All businesses have paper documents that cover the gamut from proprietary company information to client or patient data. There are laws that dictate how long these documents must be retained and length of time depends on the type of business. This topic is especially concerning when it comes to those in the healthcare industry as it adds additional HIPAA requirements into the mix. Once the duration of time for maintaining the security of these documents have passed, proper destruction through shredding is a method that ensures that the data and information doesn’t fall into the hands for improper use.
Proper shredding once involved single strip-cutting, but has now been replaced with cross-cut and micro-cut for the highest level of security. Single strip cutting still allows large pieces that could be accessed and placed together to reassemble a document. Cross-cut reduces a document to small pieces and micro-cut shreds the paper to the tiniest of particles.
While electronic breaches may make the headlines, there are still many companies that experience theft of paper documents that aren’t properly destroyed. The most common situations of theft include using name, address, credit card numbers, social security numbers, and email addresses for full-on identity theft. This kind of theft can involve company staff as well as that of clients and patients. “According to the Center for Victim Research, 7-10% of the U.S. population are victims of identity fraud each year, and 21% of those experience multiple incidents of identity fraud.”
Today, the most acceptable method of document shredding used by those companies that are professionals at shredding involves the cross-cut, which reduces the paper to small pieces and the micro-cut which reduces paper to extremely tiny pieces.
Private company data can be used to sell to competitors and client data can be sold on the dark web. Each of these situations can not only wreak havoc on a business, it can also completely destroy a company. Documents can often include contracts, partnerships, pricing, product launches, and a variety of information that may be electronically safe through encryption, but is there for the world to see in print form.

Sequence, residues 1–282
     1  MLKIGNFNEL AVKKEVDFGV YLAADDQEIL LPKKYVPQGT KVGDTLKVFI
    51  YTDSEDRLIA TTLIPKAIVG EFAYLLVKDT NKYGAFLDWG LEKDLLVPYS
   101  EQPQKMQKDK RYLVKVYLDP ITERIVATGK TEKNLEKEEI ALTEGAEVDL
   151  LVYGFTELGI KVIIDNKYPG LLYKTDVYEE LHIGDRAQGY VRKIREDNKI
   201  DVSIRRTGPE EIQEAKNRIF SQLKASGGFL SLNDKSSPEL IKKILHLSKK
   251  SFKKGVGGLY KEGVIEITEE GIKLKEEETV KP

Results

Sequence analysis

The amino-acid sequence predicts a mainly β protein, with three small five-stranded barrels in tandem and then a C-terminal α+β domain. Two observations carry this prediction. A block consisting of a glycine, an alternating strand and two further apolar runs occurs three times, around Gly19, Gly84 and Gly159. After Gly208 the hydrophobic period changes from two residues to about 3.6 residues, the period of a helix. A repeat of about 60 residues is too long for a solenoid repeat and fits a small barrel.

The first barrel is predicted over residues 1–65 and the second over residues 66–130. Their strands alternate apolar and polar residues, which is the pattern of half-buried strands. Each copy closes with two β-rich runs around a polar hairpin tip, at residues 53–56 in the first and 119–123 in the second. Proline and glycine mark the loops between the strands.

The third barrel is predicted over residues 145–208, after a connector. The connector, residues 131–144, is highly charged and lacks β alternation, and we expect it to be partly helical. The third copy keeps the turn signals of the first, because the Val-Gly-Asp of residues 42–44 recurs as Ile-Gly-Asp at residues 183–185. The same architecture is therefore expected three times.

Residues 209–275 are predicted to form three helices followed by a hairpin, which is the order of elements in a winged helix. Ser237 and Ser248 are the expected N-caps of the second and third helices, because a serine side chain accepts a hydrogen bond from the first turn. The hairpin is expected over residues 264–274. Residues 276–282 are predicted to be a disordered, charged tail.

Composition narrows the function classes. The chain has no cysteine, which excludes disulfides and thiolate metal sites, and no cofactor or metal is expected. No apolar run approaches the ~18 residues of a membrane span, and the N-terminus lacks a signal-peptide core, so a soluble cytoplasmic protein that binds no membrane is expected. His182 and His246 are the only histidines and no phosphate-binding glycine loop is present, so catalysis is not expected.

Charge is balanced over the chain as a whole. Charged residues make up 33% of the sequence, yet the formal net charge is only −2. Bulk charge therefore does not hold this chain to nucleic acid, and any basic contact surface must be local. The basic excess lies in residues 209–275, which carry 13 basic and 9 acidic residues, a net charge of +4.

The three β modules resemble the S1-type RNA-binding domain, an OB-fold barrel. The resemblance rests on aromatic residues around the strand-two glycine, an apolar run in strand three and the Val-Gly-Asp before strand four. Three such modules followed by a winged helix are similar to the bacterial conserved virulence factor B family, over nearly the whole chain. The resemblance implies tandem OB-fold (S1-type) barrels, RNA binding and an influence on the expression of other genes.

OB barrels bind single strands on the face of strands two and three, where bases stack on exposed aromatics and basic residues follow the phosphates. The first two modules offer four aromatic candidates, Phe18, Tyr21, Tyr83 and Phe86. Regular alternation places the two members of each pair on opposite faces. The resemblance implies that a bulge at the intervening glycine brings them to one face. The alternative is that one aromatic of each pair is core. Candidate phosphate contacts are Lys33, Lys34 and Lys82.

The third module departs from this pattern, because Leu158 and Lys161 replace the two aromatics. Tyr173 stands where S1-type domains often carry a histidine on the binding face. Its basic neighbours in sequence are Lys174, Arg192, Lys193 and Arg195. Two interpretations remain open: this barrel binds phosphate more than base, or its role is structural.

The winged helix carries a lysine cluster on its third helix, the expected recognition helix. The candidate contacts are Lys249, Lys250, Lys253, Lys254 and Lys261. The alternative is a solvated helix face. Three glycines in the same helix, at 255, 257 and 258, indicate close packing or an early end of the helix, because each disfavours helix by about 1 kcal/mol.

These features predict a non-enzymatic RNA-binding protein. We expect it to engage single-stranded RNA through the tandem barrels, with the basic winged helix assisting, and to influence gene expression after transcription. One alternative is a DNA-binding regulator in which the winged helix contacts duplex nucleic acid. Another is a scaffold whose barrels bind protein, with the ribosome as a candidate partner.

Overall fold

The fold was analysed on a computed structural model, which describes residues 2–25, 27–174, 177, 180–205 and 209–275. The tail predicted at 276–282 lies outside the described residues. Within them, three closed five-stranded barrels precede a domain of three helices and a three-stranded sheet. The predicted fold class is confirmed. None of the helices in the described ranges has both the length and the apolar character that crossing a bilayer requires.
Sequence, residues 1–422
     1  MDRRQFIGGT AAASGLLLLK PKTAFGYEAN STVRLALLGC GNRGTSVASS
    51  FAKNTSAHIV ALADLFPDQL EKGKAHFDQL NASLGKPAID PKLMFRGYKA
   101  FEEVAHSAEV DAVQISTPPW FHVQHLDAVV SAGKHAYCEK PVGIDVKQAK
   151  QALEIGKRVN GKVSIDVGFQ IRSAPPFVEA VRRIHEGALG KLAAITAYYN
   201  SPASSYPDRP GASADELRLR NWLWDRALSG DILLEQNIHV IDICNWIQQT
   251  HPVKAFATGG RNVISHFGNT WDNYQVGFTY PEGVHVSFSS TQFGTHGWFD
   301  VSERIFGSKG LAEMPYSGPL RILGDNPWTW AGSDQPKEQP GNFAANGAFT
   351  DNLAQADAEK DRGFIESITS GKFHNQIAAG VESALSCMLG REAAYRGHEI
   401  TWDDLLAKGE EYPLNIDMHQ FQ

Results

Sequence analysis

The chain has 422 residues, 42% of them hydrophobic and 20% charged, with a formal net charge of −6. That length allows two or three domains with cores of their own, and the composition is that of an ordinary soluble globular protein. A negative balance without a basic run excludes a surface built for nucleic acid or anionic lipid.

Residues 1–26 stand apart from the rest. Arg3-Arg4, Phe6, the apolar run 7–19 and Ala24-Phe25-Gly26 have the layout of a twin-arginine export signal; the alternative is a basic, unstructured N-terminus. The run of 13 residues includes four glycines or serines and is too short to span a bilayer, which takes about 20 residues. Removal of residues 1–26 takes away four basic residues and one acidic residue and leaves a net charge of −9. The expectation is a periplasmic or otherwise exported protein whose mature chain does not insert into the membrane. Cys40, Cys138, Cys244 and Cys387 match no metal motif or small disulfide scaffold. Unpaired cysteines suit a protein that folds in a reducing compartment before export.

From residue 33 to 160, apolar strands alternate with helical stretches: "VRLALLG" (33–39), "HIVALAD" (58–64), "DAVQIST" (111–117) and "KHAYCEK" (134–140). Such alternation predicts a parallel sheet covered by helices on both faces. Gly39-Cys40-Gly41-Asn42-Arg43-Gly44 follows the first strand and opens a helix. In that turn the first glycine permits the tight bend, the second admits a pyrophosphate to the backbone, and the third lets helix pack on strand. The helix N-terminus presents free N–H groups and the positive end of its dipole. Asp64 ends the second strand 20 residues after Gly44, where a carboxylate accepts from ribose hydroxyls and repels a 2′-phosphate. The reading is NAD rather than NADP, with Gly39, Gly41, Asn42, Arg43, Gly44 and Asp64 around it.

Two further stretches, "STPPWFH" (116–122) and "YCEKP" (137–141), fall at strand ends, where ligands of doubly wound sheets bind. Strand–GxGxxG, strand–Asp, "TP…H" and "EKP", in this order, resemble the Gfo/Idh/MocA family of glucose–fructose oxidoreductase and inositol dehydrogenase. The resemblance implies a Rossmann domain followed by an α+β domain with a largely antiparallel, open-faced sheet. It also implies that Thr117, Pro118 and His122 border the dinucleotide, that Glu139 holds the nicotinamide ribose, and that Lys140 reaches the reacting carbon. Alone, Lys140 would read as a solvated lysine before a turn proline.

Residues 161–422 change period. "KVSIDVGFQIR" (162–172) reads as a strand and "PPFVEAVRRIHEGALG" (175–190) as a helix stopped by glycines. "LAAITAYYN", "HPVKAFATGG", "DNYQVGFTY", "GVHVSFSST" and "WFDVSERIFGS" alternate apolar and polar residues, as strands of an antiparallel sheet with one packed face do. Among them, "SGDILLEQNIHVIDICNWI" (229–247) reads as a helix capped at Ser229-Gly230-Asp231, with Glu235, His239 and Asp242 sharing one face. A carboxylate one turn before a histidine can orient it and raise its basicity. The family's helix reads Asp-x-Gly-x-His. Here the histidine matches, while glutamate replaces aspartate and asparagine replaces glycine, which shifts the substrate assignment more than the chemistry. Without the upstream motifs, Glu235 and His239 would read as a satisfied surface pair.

The reputation of a business is both intangible and invaluable, and both clients and company staff rely on trusting a business that their private and personal information will be securely held in safety. Most companies place documents in locked locations with access via authorized personnel only. The continuation of this trust extends to ensuring that all documents will be appropriately destroyed and shredded at the correct time, and will never simply be placed in a trash bin and/or landfill for anyone to access.
The storage of any large quantity of paper presents a fire hazard for any business. When a building is inspected these locations have to be identified as potentially dangerous, with special attention to possible additional fire safety factors. Reducing these documents through shredding not only helps to reduce the fire hazard but may also help to eliminate added insurance costs and special fire equipment.
A majority of companies are involved in recycling and shredding paper documents makes it a lot easier to accommodate recycling and reduces the carbon footprint for a business.
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